The Rails of Delhi
The screeching melody of the steel brushing against the rails, as you hear a low voice go around. The anxious wait to hop aboard, as you hear that low rumbling hum. The hiss it leaves, as the gates slide apart, and the breath that enthralls, as you make way in. The precautious beep lost in the background, as the gates slide back, falling together in motion. A gradual start as it rumbles into, leaving you a smile to hold onto.
An emotion that never fails to amaze.
I vividly remember the first time I stepped into the station, a child overwhelmed by what seemed to him an impossible miracle. People jolting up stairs as the behemoth of a train made its way to them, hissing as it came to a rest.
Panicking, as I stepped ahead, crossing the leap that followed the yellow line. And there I was, at the very heart of it all.
Back then when finding a seat was a rather simple task, I sat looking outside, marveling at the skyscapes the land had to offer as inertia pulled me ahead, a curious nine year old held by his father.
An emotion that never fails to amaze, an emotion I grew along with.
People fanatically gathering along the doors as you spot the pebbles at Yamuna Bank, the nostalgic voices letting you know where the doors would unbolt. The 9 year old, scared a tad, as the train moved into the venomous darkness of the tunnels preceding Mandi House. And oh, was the kid scared of the ramps in Rajiv Chowk going over the platform, hanging down off poles that went into the roof.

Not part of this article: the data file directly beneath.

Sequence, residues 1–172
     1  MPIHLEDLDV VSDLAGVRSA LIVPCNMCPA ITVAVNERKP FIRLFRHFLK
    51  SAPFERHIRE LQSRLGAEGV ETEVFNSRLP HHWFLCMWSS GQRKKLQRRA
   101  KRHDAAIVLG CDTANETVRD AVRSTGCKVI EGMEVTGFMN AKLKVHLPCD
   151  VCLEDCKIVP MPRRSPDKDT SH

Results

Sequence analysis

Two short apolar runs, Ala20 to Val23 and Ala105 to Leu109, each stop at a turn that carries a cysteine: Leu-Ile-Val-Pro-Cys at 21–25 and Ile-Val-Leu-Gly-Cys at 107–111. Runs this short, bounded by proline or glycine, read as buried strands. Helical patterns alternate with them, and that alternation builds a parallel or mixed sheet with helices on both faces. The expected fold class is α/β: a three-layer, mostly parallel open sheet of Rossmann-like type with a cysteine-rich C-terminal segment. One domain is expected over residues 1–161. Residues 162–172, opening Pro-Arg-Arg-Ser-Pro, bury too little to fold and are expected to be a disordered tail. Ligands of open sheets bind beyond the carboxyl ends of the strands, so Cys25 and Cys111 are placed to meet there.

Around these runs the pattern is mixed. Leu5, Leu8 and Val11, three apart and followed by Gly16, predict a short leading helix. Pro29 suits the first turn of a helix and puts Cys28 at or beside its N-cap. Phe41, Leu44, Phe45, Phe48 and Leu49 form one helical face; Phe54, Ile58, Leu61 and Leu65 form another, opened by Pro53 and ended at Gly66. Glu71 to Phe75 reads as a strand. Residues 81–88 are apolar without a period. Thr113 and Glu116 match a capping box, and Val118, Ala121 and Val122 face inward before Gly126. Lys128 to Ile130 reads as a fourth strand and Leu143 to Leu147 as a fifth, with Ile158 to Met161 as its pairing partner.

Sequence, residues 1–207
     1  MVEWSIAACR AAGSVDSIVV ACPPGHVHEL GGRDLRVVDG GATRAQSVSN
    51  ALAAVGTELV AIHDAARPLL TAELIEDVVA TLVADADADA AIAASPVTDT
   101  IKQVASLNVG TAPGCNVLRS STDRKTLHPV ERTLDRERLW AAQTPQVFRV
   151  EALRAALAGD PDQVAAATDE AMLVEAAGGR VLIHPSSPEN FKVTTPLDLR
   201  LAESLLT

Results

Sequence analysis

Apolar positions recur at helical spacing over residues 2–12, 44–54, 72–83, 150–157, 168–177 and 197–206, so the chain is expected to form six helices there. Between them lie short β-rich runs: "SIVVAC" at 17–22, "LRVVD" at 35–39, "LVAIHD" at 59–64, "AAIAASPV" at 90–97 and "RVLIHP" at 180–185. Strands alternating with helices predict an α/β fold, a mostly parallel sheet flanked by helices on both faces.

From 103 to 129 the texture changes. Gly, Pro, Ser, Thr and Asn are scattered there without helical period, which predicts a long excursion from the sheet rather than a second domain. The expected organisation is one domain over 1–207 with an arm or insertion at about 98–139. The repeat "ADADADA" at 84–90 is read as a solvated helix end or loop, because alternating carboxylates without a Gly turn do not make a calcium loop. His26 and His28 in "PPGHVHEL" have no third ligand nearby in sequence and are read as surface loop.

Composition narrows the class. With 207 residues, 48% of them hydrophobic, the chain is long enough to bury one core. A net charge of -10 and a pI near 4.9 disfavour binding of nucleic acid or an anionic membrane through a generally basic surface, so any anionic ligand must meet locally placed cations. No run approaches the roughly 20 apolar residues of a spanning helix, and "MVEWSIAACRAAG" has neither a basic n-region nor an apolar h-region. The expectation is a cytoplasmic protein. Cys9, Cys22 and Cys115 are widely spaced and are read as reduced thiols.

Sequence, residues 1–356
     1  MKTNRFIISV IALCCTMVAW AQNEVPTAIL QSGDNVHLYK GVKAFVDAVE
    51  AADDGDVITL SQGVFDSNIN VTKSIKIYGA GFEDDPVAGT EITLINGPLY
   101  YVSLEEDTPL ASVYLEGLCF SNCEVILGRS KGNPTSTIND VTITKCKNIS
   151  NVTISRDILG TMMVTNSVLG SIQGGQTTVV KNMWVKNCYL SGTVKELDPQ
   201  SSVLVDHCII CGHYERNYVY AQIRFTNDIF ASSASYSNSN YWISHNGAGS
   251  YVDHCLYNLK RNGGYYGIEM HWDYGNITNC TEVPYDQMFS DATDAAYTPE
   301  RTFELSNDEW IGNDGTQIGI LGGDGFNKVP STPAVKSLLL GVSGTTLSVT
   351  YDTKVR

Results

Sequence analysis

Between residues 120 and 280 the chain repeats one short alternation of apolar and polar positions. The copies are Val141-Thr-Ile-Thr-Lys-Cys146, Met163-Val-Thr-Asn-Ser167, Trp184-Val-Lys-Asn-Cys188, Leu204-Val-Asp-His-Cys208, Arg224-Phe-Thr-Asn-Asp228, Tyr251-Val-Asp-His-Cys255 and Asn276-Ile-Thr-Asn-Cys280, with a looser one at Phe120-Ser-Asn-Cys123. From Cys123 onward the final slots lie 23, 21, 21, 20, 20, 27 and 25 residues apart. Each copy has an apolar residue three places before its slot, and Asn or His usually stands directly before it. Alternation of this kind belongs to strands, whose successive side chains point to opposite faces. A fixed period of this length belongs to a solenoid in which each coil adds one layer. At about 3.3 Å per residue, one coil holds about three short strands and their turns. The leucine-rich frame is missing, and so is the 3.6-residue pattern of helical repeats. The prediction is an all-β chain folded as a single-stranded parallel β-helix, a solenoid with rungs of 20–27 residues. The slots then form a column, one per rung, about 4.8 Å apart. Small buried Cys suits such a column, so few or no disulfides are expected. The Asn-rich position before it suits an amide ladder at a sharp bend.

An emotion that never fails to amaze, an emotion I take pride in.
How can I even skip the best time to be in one, the winters. There stood the twelve year old nagging his parents to skip a train, as he counted the numerous pantographs on the ones passing by, a chance to ride the newer bombardier coach. The foggy winters complemented by it's soothing yellow lights as even gentler voices accompanied you to sleep on stone cold metal seats.
Recalling those days when me and my friends would walk at 9 in the night for long, in the sub-10 winters of Delhi sipping hot coffee as we made our way to the station back from classes, always leaves me standing emotional.
Standing there on the vestibule with a foot inclined on its bulge, a hand in your pocket while the other grips your bag, a nine year old going in awe staring at the metro changing tracks, waiting outside the foggy cold station while seeing children compare their height with the metro girl near the ticket counters.
An emotion that never fails to amaze, an emotion I would hold dear forever.